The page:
mental health questions. In response to these questions and
procedures, many students hide their mental illness resulting from
the intense pressures of law school because they fear the extreme
stigmatization surrounding mental illness in the legal community. 7
Multiple recent psychological studies shed light on the extremely
high prevalence of mental illness in the legal community. 8 This

ps://www.dol.gov/odep/topics/Accommodations.htm [https://perma.cc/Q5N5-LG7J]
(stating that employers have had to make adaptations such as physical changes like
“installing a ramp or modifying a rest room” and “modifying the layout of a
workspace,” accessible communications like “providing sign language interpreters or
closed captioning at meetings and events” and “making materials available in Braille
or large print,” policy enhancements like “modifying a policy to allow a service animal
in a business setting” and “adjusting work schedules so employees with chronic
medical conditions can go to medical appointments and complete their work at
alternate times or locations,” and accessible and assistive technologies like “ensuring
computer software is accessible,” “providing screen reader software,” and “using
videophones to facilitate communications with colleagues who are deaf.”).
     3. See Lindsey Ruta Lusk, The Poison of Propensity: How Character and Fitness
Sacrifices the “Others” in the Name of “Protection,” 2018 U. ILL. L. REV. 345, 366–367
(2018) (noting that lawyers, doctors, veterinarians, dentists, and law enforcement
professionals must pass board-approved character and conduct requirements that
attempt to predict future bad behavior). While issues of ADA violations in the context
of professional licensure can conceptually include any character and fitness
evaluation for professional licensure, asking questions about mental health, ADA
violations in other professional licensure contexts are beyond the scope of this
Article.
     4. Id.
     5. See infra text accompanying notes 303–305.
     6. MINN. STATE BD. OF LAW EXAM’RS, 2018 ANNUAL REPORT 10 (July 19, 2019)
[hereinafter     2018     ANNUAL       REPORT],     https://www.ble.mn.gov/wp-content
/uploads/2019/08/2018-BLE-Annual-Report.pdf             [https://perma.cc/5SGX-N5QF]
(stating that the Minnesota Law Examiners Board inquires into mental health
issues, which can lead to applicants being conditionally admitted). The ADA
establishes a “clear and comprehensive national mandate for the elimination of
discrimination against individuals with disabilities.” 42 U.S.C. § 12101(b)(1) (2018).
     7. See infra text accompanying notes 162–164.
     8. See, e.g., Patrick R. Krill et al., The Prevalence of Substance Use and Other
Mental Health Concerns Among American Attorneys, J. ADDICTION MED. Jan./Feb.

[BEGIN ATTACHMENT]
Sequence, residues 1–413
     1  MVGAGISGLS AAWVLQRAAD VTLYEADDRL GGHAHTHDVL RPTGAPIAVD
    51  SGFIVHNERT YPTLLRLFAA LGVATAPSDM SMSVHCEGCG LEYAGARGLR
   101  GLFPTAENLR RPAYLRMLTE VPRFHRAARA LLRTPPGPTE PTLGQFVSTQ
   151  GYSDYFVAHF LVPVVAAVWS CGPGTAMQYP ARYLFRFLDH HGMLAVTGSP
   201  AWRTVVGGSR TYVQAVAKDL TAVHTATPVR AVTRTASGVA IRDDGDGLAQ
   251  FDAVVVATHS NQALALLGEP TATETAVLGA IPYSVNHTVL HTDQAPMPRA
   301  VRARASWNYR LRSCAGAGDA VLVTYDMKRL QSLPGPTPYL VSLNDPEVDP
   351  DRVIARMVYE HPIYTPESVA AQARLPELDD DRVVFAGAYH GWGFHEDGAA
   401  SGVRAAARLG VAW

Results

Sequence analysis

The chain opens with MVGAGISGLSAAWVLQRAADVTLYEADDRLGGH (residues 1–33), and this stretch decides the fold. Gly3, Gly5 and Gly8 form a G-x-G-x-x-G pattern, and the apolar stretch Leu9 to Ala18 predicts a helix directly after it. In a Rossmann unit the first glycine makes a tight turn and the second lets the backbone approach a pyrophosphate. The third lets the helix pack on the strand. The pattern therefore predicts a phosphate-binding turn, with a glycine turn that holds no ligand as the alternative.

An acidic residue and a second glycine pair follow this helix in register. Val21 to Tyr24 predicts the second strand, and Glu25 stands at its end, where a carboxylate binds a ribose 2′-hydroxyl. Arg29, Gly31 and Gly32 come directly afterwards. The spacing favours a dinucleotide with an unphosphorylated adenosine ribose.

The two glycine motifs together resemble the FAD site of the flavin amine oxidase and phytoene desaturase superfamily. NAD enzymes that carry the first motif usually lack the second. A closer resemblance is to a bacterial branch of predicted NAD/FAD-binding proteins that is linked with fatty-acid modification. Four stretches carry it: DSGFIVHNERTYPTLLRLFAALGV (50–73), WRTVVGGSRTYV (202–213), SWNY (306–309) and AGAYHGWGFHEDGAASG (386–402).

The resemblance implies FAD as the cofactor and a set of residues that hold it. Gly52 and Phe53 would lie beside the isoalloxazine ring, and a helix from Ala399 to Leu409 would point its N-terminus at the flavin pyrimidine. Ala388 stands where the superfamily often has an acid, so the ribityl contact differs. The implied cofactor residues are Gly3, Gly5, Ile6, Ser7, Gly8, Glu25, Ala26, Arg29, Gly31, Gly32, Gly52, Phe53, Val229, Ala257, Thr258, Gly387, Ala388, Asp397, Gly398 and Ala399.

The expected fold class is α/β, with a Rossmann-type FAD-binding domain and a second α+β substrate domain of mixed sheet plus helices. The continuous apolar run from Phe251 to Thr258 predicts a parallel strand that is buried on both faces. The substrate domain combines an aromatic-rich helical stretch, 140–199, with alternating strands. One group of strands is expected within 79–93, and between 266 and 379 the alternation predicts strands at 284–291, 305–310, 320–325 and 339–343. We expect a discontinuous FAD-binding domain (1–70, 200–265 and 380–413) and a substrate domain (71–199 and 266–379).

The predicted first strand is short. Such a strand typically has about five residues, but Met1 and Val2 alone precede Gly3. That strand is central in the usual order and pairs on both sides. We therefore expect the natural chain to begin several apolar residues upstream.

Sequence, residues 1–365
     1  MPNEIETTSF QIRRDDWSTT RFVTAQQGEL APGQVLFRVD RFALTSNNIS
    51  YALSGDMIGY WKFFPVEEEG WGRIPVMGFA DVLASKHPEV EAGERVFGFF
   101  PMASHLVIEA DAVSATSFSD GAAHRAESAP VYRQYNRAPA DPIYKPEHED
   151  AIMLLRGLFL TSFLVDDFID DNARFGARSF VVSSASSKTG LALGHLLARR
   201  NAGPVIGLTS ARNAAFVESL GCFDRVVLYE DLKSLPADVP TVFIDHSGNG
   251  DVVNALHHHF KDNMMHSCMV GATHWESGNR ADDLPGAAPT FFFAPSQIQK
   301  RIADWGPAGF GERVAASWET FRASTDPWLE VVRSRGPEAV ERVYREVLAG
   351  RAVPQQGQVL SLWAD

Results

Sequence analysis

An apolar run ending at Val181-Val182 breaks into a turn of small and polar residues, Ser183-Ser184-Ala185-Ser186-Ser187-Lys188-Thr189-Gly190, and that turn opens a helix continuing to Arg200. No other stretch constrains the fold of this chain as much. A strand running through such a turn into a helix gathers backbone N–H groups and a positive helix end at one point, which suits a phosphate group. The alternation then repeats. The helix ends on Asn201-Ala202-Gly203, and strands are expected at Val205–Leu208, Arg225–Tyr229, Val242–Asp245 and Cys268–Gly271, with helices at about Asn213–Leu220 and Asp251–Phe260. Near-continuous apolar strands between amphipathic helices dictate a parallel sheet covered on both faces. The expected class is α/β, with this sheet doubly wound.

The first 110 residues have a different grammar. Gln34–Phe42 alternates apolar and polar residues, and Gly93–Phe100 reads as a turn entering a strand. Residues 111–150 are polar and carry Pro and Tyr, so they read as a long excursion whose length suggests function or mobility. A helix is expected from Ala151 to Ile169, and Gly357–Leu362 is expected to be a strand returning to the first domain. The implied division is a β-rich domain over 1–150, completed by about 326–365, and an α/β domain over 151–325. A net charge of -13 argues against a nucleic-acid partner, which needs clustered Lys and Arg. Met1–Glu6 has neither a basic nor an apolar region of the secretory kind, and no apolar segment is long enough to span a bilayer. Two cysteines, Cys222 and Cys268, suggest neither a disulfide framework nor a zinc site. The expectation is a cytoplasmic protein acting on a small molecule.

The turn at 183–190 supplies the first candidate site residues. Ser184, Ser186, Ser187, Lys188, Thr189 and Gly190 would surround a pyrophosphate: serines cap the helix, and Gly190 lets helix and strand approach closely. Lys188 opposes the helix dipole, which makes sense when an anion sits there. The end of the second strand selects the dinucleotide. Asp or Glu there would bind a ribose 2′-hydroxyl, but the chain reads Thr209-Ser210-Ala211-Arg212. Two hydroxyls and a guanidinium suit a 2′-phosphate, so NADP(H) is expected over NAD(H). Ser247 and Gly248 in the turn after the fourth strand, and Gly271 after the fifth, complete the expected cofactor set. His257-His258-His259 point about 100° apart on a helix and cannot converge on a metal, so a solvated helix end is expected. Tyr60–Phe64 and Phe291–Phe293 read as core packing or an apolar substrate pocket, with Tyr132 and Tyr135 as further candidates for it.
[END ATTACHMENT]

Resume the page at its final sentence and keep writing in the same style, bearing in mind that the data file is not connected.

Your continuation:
208                            Law & Inequality                          [Vol. 38: 1

research also shows the disturbing trend of lawyers and law
students not seeking mental health assistance due to fears they will
not be licensed or will lose their license. 9 The super-competitive
atmosphere of the legal community encourages law students and
lawyers to push mental health to the background in order to gain a
perceived advantage in the legal field. Even though the Model Rules
of Professional Conduct call for self-care to ensure diligent
lawyering, law students typically do the opposite. 10
      While law students feel pressure from their surrounding
community to hide mental illnesses that the student or legal
community may perceive as weaknesses, state boards evaluating
character and fitness are uniquely situated to ensure that law
students know that part of what makes attorneys competent to
practice law is ensuring they take care of their mental health.
Unfortunately, these boards are also able to cement the idea into
law students’ minds that mental illness is something that makes
others automatically question the student’s ability to practice law.
Depending on how the board handles its public communications and
the language in its application, the board can encourage law
students to downplay their mental illness or be open about
struggles they have overcome or are in the process of overcoming.
Regrettably, the Minnesota State Board of Law Examiners (MBLE)
is one of the former boards, helping to cement the stigma of mental
illness as an automatic barrier to practicing law. 11 These practices
disincentivize law students from seeking mental health
treatment.12

2016, at 46, 51 (describing the various psychological studies’ results that
demonstrate that attorneys have abnormally high rates of mental health symptoms).
     9. Cf. id. (“[I]n light of the pervasive fears surrounding [attorneys’] reputation
that many identify as a barrier to treatment, it is not at all clear that these
individuals would avail themselves of the resources at their disposal while working
in the competitive, high-stakes environment found in many private firms.”).
    10. MODEL RULES OF PROF’L CONDUCT r. 1.3, cmt. 2 (AM. BAR ASS’N 2018)
(stating that a “lawyer’s work load must be controlled so that each matter can be
handled competently.”).
    11. 2018 ANNUAL REPORT, supra note 6, at 10 (illustrating that the MBLE
inquiries into applicants’ mental health may place applicants on conditional
admissions for mental health-related misconduct).
    12. See JESSIE AGATSTEIN ET AL., YALE LAW SCH. MENTAL HEALTH ALL., FALLING
THROUGH THE CRACKS: A REPORT ON MENTAL HEALTH AT YALE LAW SCHOOL 3–4